1. CMS representatives sounded supportive, asking participants with questions to send details via email so they could help them after the teleconference.
2. HOWEVER--although CMS representative Bill Decker opened the session with assurances that this new government regulation is for cross-checking Medicare beneficiaries only, questions from attendees came up about getting social security numbers of spouses or employees in other locations who were refusing to provide them, as well as dates of birth. CMS's response: "We ask you to *ask* for the SSN, it doesn't hurt to ask." Sounds like if SSNs can be obtained, then go for it.
3. The new mandatory reporting allows employers to satisfy this requirement in either of two ways:
- By submitting "Active Covered Individuals" [those eligible for Medicare: age 55, handicapped, or on kidney dialysis]
- Or by using the "Finder File" feature [collect ALL employee and dependent personal information, filter list against Medicare's list or hire an outside contractor to do this, then submit to Medicare].
I reiterate--I DO NOT WANT my husband's employer to have my SSN, or worse, some "outside third party." The SSN was never intended to be used as a de facto identifier anyway, so I object anytime it is used in this manner. Also, giving my SSN to an employer with whom I have no other contact is creepy. Why should they be able to access any information about me (or my children)? I know they're not "supposed to," but the potential for that exists; just think of Joe the Plumber (more details here).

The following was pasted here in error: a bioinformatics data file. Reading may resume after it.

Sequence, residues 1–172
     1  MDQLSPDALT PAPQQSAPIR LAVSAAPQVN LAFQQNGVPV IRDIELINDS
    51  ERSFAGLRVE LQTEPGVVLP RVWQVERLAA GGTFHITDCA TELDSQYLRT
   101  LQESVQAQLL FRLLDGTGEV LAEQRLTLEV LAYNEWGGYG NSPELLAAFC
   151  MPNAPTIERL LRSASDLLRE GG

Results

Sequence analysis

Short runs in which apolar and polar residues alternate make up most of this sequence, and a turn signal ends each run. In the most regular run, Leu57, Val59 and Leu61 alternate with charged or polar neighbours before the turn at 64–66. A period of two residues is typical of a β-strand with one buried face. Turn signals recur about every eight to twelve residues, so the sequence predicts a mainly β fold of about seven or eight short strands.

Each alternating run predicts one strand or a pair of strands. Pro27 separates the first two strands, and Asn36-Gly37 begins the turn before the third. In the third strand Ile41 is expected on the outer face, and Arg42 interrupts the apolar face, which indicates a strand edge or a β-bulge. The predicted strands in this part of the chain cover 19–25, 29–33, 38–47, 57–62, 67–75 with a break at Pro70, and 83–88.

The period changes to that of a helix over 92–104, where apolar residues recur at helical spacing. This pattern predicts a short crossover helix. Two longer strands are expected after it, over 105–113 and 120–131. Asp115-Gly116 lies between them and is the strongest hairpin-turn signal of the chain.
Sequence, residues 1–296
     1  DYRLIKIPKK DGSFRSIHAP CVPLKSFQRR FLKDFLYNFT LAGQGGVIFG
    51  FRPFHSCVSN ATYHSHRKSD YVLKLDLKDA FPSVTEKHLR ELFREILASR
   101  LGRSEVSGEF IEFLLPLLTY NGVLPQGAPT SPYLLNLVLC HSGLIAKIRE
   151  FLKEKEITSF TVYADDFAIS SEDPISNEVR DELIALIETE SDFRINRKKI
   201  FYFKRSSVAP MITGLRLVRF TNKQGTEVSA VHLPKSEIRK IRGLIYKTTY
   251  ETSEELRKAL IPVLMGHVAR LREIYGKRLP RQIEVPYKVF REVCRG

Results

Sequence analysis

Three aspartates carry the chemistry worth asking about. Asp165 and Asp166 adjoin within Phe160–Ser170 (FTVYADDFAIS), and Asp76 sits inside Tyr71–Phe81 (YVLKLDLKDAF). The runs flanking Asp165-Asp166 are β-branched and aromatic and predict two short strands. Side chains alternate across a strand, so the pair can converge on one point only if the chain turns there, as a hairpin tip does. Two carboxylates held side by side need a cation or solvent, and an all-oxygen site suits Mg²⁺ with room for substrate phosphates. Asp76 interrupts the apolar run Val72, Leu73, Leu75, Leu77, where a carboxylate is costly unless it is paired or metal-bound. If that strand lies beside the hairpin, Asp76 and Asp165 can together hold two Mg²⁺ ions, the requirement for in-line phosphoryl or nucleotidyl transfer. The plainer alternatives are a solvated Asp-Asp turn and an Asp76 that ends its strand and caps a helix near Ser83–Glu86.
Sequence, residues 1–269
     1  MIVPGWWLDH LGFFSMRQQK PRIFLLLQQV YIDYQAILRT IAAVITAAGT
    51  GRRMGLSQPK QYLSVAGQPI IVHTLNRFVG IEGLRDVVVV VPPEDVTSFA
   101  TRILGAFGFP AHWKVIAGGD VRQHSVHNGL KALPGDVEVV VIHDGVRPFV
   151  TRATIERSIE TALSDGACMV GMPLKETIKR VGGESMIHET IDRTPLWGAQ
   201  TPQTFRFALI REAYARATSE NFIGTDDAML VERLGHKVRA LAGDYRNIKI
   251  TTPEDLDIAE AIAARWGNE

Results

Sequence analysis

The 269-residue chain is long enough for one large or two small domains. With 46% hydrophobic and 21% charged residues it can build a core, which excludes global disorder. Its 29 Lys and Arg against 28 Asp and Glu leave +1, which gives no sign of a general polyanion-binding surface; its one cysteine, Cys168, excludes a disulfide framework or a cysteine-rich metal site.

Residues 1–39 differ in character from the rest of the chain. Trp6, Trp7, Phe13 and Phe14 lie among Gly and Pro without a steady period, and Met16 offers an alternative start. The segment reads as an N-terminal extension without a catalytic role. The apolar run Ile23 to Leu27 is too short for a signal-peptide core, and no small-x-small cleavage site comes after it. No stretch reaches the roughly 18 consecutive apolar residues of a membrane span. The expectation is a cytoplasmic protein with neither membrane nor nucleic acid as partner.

But perhaps most frighteningly, giving up my SSN exposes me to greater potential of identity theft, since the information will be collected and disseminated in a myriad of electronic locations beyond my control, or beyond legitimate uses by the IRS or any of my previous actual employers. All it takes is for someone to lose a hard drive or for someone to steal a laptop for my personal information--and yours--to be compromised.
Tell me what you think.
In the meantime, if your spouse's employer asks for your SSN, use this form instead provided by the same agency requiring the collection of this information.
As for the potential for turning this into a National Healthcare Database, I think you can see how easy it would be to enlarge this system beyond simply "Medicare recipients." To comply, employers are already gathering your personal information for their quarterly reports to the government, including unprecedented collection of information on spouses and children of employees. It could be used as a national database of current healthcare beneficiaries, just a step away from becoming a national healthcare database.